It’s not asking questions that make you an anti-vax’er – it’s not wanting the answer does.
Correct. So does demanding studies of ever more harms from vaccines without considering what we already know.
When I discussed this lesson on Twitter, to my surprise there were some who admonished me for “giving away the secret” of this test. I reassured them that, first, this was never a secret and, second, that there was nothing to fear, mainly because most antivaxxers, even when they know it’s a trap, find it impossible to suggest even one vaccine that they consider sufficiently safe and effective to generally recommend and, for those who actually can, that vaccine is usually the tetanus vaccine. Again, though, anyone who can’t name a single vaccine they consider safe and effective is, at the very least, not provaccine and, far more likely, is antivaccine.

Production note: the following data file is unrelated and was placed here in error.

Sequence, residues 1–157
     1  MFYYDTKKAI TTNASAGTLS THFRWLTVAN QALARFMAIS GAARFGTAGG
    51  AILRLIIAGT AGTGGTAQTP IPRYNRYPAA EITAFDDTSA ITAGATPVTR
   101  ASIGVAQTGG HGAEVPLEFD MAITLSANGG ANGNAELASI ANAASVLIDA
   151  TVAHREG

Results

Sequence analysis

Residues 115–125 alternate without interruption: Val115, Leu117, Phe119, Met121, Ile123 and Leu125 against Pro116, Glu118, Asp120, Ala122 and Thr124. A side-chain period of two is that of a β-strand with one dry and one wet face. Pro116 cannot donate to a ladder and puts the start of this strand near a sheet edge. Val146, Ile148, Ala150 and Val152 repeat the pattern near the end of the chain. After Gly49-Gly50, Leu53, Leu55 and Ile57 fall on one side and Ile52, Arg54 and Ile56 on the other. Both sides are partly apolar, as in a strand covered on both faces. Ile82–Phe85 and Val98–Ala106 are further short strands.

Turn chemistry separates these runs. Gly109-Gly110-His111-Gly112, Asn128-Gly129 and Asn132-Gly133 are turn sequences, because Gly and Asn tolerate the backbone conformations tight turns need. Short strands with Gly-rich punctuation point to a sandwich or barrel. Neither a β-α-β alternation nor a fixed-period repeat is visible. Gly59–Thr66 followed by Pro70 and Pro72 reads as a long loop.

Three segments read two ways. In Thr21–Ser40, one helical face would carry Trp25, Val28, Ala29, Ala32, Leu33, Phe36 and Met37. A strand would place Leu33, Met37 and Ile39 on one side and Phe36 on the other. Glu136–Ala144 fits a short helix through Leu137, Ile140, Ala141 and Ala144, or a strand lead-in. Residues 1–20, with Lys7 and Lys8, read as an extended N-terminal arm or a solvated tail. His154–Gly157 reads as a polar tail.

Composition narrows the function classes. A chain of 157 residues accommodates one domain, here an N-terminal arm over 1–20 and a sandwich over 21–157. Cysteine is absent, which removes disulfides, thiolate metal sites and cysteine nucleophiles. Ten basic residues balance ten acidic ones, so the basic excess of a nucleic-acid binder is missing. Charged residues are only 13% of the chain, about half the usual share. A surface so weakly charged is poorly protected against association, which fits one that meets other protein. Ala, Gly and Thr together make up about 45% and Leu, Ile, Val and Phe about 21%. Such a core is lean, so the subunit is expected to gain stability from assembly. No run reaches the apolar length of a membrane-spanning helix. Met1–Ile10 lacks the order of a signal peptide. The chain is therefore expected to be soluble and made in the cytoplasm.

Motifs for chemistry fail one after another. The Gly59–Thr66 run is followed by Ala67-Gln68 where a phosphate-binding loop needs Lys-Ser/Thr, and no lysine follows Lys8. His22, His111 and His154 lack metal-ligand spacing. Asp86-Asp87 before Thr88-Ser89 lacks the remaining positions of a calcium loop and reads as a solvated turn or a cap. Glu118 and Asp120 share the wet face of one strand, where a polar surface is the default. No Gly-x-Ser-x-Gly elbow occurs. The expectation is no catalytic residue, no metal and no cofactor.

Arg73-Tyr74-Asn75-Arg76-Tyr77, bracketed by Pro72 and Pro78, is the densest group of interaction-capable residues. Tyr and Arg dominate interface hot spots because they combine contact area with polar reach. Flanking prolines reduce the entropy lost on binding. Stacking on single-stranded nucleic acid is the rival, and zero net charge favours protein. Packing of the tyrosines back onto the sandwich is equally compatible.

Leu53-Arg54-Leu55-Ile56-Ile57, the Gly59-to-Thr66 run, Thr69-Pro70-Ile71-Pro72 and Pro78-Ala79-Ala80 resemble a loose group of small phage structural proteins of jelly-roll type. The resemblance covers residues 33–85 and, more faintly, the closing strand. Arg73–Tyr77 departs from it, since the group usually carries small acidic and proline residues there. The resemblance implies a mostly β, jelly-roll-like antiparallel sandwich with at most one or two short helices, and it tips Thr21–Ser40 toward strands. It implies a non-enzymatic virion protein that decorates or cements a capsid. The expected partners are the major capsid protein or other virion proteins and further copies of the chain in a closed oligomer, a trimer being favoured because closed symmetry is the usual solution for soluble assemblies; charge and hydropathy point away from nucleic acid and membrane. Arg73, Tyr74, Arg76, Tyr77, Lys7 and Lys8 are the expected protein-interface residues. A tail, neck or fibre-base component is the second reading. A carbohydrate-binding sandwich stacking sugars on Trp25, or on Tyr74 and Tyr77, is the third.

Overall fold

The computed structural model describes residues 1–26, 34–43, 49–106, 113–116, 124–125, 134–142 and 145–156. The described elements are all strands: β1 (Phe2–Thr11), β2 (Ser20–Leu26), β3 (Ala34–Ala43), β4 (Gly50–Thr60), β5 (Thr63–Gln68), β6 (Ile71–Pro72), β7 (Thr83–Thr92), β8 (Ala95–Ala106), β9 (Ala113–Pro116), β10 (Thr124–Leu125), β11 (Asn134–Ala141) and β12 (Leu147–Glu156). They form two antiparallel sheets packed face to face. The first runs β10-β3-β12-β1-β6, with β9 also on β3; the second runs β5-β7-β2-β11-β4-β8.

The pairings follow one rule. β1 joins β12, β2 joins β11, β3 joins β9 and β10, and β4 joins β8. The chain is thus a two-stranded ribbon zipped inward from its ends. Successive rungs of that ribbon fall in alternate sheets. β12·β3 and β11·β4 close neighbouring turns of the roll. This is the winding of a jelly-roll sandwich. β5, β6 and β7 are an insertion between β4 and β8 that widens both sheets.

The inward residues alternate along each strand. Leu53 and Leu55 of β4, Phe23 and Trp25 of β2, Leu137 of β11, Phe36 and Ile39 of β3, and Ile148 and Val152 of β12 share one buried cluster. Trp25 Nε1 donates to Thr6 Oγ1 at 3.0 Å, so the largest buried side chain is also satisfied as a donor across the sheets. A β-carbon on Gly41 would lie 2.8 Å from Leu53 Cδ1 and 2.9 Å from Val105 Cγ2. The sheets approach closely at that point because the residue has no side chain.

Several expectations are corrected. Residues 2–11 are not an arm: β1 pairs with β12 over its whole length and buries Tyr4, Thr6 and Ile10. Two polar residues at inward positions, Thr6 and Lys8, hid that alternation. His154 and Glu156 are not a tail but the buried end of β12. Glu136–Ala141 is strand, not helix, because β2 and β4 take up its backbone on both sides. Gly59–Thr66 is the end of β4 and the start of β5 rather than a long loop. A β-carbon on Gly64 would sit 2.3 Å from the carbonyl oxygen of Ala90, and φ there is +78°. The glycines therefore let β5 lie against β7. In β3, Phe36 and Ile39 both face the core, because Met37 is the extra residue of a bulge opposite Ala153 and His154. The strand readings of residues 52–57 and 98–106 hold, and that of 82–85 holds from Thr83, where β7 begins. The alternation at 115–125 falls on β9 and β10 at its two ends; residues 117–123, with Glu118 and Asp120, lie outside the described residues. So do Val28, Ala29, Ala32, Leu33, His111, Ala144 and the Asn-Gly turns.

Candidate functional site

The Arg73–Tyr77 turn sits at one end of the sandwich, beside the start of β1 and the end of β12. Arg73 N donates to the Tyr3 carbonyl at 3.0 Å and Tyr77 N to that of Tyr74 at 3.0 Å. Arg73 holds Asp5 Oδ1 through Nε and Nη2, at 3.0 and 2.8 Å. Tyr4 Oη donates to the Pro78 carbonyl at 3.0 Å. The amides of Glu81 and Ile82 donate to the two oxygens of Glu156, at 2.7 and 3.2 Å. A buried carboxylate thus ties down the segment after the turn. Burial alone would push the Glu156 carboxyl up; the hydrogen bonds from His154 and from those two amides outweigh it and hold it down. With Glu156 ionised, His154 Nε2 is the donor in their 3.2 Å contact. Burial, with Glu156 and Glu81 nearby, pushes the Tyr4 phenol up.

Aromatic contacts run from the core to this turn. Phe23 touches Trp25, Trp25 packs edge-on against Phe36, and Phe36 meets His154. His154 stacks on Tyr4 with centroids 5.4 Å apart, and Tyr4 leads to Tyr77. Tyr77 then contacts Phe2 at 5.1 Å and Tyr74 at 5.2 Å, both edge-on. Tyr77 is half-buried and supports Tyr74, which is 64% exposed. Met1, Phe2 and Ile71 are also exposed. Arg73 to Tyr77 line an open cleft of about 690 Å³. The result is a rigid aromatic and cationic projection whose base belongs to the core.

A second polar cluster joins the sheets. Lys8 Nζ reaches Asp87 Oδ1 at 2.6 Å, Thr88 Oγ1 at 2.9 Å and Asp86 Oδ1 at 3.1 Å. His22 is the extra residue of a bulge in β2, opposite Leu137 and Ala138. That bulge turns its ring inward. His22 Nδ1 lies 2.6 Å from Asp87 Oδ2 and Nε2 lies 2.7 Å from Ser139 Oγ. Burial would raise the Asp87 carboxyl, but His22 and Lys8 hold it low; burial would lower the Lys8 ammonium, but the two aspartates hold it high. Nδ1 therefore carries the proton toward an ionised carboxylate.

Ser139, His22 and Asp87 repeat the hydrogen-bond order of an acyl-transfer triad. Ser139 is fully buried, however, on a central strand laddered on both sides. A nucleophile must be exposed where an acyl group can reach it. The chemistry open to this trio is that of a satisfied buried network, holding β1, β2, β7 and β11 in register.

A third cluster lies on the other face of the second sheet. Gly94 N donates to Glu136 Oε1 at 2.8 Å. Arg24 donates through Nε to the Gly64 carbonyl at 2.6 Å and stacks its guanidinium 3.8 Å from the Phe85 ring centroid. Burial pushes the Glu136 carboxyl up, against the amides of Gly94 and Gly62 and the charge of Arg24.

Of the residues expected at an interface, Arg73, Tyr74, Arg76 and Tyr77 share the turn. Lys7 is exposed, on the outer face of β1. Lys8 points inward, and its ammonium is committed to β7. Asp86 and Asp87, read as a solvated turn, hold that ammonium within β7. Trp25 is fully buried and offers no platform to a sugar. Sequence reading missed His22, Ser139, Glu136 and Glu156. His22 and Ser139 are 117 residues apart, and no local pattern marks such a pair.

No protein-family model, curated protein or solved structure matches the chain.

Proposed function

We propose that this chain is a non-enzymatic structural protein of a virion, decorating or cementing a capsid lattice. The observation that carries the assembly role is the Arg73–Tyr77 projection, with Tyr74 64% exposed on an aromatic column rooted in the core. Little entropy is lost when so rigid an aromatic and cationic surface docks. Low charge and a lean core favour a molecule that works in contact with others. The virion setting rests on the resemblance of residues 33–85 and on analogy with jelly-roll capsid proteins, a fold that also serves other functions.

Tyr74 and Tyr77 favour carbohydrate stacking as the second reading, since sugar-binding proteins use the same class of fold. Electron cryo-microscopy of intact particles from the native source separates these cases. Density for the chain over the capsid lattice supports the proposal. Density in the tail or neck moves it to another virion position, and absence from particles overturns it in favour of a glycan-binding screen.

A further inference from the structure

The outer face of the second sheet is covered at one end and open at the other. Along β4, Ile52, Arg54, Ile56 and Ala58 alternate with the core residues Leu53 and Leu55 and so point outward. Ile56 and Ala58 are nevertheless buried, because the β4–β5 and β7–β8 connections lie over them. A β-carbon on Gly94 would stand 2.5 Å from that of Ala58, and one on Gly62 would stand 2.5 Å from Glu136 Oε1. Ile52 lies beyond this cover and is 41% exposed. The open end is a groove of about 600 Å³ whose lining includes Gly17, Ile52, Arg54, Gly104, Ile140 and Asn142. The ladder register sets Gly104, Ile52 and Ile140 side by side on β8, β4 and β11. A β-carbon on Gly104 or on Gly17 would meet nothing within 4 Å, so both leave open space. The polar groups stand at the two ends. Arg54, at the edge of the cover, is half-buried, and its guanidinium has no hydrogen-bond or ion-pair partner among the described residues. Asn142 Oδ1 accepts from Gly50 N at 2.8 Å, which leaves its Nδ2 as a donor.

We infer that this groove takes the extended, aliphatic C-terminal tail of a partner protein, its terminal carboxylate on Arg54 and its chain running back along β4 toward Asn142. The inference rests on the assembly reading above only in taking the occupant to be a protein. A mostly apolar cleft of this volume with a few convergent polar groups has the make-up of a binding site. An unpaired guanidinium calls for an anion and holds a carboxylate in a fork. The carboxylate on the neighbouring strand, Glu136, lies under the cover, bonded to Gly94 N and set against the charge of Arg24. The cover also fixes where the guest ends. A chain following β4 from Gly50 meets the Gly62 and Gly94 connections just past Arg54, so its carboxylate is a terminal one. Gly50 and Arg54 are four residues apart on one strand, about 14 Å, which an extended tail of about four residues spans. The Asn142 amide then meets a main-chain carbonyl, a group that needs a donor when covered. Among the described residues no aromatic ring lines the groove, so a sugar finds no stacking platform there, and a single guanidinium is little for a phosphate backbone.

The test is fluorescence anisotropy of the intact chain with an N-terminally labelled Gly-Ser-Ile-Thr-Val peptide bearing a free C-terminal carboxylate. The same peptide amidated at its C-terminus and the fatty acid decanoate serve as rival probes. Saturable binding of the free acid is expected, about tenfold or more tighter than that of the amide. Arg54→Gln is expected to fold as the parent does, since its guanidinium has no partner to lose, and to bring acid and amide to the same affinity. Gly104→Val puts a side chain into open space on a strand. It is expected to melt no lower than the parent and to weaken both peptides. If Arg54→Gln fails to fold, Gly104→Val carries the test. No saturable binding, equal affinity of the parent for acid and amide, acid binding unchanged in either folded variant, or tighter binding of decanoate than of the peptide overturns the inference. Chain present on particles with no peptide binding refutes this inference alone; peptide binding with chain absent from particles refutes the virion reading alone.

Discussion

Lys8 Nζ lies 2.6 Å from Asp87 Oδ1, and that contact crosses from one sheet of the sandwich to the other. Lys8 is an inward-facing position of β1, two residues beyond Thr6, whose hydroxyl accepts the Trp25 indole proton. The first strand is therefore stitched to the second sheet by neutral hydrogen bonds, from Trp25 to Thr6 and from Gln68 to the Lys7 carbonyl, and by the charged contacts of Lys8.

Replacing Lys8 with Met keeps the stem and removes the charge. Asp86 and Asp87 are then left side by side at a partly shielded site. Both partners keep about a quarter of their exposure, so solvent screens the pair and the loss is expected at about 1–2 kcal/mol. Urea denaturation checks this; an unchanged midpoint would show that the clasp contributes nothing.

Also, this is far from the only arrow in my quiver or question in my armamentarium. Fear not.